June 20th, 2065
Nobody can hear a scream in the vacuum of space, or so they say. But, today is the beginning of defying the odds. My voice is officially gone from screaming for about an hour straight, and I feel unimaginable embarrassment knowing the whole country saw it happening. Who cares? Okay, I care. But you would’ve done the same. Listen. In between the heavy pressure from my $12,000,000 suit and the helplessness I felt as voices inside our spaceship shouted commands and diagnostics, all I could do was contemplate if I was out of my mind. And honestly, I’m still contemplating it. I’ve dreamed about being an astronaut since I was a kid, but I never believed it would be possible. There have only been less than 700 people to ever go to space! All my childhood, I was just that average little boy with the glow-in-the-dark stars poorly stuck to his ceiling. I molded the planets with clay, put together all the solar system puzzles my parents would buy, and even believed some aspects of “Space Jam.” I watched conspiracy videos about aliens and spaceships, and stayed glued to the TV when the news spoke about the developments of different planets. I always thought that if I could get my chance to go to space, I would take it without question. Ironically, I’ve already asked (very loudly) a million.
What happens if I puke? How fast are we going again? Did I indeed agree to this? How’s everyone so calm right now? Why am I here? Is this camera on? Why is this camera on? What happens if I die? Wait, am I going to die? Well, I’m sure you probably saw all this online by now.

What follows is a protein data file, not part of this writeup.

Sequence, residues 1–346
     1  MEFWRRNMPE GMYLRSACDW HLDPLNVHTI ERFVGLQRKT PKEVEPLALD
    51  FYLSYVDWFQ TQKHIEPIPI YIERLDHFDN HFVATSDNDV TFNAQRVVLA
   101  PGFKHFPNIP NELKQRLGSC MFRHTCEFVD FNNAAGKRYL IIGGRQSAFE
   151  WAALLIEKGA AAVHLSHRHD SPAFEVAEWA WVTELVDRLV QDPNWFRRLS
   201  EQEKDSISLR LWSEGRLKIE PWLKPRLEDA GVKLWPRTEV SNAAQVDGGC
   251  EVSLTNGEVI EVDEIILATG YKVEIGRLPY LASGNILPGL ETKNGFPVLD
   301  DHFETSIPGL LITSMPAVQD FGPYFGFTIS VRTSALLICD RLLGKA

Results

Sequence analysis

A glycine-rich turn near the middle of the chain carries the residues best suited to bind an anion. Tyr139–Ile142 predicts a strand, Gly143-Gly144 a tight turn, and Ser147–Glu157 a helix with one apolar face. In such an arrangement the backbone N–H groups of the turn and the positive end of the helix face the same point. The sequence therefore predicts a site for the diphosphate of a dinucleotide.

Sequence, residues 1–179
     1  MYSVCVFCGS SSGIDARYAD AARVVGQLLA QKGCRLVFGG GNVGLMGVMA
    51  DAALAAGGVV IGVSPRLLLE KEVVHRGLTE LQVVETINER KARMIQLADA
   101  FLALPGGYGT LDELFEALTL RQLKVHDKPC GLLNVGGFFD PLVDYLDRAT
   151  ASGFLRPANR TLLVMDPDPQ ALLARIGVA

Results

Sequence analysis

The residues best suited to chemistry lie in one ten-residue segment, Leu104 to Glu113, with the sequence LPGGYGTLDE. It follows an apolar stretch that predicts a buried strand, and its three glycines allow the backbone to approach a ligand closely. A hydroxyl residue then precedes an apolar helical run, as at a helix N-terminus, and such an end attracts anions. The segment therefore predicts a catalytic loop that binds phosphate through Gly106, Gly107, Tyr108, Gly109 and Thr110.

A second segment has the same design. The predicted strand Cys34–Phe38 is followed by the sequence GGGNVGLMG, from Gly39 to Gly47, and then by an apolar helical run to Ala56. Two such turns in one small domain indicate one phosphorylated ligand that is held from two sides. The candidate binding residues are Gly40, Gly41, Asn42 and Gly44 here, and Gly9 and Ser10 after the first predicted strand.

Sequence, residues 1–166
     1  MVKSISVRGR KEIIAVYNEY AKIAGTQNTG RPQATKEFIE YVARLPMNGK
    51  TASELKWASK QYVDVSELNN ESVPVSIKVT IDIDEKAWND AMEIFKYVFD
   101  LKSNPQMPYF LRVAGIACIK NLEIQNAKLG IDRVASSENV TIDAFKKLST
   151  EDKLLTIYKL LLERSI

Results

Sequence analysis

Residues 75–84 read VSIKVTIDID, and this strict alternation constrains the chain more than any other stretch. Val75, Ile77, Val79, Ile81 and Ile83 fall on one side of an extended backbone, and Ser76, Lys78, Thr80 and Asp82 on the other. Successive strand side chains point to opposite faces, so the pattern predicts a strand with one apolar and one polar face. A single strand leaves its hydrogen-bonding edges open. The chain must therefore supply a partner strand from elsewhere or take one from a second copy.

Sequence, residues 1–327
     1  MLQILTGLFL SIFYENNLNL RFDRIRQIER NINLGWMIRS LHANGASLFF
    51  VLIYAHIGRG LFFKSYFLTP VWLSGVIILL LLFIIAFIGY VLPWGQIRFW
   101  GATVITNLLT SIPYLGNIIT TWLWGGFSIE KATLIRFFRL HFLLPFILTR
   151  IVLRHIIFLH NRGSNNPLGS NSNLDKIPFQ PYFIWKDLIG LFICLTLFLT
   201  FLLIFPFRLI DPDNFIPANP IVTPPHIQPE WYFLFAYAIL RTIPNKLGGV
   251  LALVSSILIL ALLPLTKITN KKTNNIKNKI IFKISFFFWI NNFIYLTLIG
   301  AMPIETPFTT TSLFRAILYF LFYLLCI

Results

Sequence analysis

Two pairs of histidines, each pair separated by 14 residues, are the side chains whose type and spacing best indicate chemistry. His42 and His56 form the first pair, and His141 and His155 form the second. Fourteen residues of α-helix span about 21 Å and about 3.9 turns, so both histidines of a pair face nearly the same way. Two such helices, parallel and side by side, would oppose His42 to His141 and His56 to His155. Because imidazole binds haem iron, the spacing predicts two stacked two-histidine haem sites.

Surprisingly. One of the questions that stopped my screaming was asking myself what this journey could mean for the world. What it could mean for all you readers and listeners, who now look just how I did when I was glued to the TV as a kid hunting for answers. We are on an 8-year mission to Europa. Millions of miles away. Four trained and professional astronauts, and then there’s one little me. Someone gifted a seat on the adventure. Our goal is not only to reach our destination and land safely but also to dive 15 miles deep into its oceans to discover life beneath its surface. Many have called this suicidal and pointless. At the same time, some of you have shown extreme support for us. One of my favorite headlines said, “FOUR ASTRONAUTS AND A BLOGGER WISH UPON THE STARS!” The little gestures show us that someone believes us when we say that Earth is running out of time. And that this is more than a stunt for views. I’m currently soaring maybe 100,000 miles in space now, and it’s quiet. No screaming. The vast openness I see makes our tiny planet feel like it can disappear and no one would miss us at all. If that were true, I wouldn’t be risking my life on a slight hunch that we could be saved. Fulfilling a wild childhood fantasy as a now 30 year old man. I’ve had some intense trainings and practices to lead up to this moment, but nothing has truly prepared me for this experience. And ultimately, I believe that’s an excellent reason to be here. To be the one freaking out, while my chaperones know what to expect. To help everyone see what I see with the eyes of an amateur. To show that sometimes things seem out of your hands, until you finally decide to just do it yourself. Sorry, I’m rambling—the first day on the job. But hang in there with me, everyone. This is going to be fun. I have so many more stories to share. We have so much farther to go.
Europa, here we come…